It’s been more than four years since the conflict in Syria started and things have gone downhill with the advent of the Islamic State (IS).
It appears to be a conflict with no end in sight, but in less than a fortnight that seems to be changing with Russia’s deployment of a military force along Syria’s Mediterranean coast. By sending troops Russian President Vladimir Putin has brought an interesting dimension into the conflict.
In the absence of a cohesive strategy to fight the IS, Mr Putin’s plan to back Syrian President Bashar al-Assad’s regime is welcomed by some nations — and that’s a glaring reflection of how the United States has failed to chalk out a plan. Washington’s efforts to tackle the crisis have not shown the Obama administration in a good light with reports stating that US-trained Syrian rebels, intended to fight the IS, defected to al-Qaeda.
This comes on the heels of analysts at the US military’s Central Command (CENTCOM) complaining that reports on Syria and Iraq were watered down to show that the US was winning the battle on terror.
By inserting Russia into the West Asian conflict, Mr Putin has ensured that any solution to the crisis will now have to include Moscow. But this move also comes with its risks.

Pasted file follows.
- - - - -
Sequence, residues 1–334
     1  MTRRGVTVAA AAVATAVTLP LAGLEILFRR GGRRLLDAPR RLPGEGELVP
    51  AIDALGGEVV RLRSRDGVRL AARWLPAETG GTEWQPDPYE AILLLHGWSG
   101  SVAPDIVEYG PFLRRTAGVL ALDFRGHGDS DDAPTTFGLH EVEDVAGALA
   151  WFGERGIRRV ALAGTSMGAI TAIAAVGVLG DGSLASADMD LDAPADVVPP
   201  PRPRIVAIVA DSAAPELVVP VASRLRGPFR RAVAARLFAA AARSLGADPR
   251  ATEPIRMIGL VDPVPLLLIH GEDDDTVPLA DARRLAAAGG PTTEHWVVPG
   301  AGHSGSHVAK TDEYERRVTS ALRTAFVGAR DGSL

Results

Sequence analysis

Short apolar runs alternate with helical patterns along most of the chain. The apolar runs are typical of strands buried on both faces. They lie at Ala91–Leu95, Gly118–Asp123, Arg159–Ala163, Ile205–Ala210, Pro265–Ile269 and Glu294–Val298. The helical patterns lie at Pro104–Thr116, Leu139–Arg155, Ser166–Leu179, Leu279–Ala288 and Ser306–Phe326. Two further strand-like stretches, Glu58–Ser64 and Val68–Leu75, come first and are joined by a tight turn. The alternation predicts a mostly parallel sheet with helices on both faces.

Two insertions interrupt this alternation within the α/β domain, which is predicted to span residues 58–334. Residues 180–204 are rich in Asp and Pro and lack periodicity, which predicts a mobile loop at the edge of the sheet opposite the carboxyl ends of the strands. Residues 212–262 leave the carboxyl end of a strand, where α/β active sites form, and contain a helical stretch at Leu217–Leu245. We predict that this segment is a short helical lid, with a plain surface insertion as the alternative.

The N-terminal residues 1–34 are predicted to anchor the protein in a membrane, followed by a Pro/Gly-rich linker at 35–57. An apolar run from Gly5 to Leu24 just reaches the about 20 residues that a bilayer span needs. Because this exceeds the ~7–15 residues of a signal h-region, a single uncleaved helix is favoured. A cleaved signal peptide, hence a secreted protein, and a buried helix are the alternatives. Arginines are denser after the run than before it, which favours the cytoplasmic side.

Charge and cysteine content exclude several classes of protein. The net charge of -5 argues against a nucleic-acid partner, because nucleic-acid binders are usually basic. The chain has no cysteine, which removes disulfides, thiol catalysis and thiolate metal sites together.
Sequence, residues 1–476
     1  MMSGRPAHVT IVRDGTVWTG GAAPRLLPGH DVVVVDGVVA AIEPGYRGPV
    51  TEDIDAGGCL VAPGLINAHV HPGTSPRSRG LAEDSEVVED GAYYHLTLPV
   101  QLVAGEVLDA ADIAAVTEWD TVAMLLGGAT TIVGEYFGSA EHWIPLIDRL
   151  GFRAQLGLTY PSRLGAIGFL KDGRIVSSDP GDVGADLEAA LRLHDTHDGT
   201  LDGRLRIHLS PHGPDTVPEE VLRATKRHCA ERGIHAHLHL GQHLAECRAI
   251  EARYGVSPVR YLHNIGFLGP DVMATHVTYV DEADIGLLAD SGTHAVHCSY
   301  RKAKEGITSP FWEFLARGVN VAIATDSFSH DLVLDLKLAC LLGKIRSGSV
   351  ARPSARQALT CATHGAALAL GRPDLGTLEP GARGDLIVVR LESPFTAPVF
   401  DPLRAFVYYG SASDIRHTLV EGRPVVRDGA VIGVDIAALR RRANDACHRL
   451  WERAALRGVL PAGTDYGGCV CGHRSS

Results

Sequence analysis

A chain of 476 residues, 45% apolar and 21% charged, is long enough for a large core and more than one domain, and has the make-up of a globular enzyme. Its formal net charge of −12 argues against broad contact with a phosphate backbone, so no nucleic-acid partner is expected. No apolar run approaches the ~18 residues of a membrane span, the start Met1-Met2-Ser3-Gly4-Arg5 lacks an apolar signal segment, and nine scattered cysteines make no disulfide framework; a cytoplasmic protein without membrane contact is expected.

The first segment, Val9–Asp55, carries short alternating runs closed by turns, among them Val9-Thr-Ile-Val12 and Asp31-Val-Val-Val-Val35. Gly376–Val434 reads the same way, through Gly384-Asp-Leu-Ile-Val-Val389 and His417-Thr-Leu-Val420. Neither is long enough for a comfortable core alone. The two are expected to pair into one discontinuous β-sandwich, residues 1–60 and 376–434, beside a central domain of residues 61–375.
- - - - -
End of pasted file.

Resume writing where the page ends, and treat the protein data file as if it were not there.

If Mr Putin refuses to accommodate the concerns of the West, its regional allies and the moderate rebels, Moscow will soon find itself entangled in the conflict without an exit route. Thus, it is in Mr Putin’s interests to tread a middle path.
Whatever be the case, one thing is clear: Assad has no future in a post-war Syria — not after the bloodshed unleashed by his regime on innocent civilians. Now, the US, Russia, West Asian allies, moderate rebels and the UN need to work together on three aspects: Put an end to the IS, plan Mr Assad’s exit and a transition to a coalition that reflects all sections of Syrian society, and, plan the democratic future of Syria.
It is imperative to involve the moderate Sunni groups in a post-Assad plan, because if excluded, there’s no incentive for them to fight the IS. The mistakes committed while drawing up plans for a post-Saddam Hussein Iraq must not be repeated in Syria.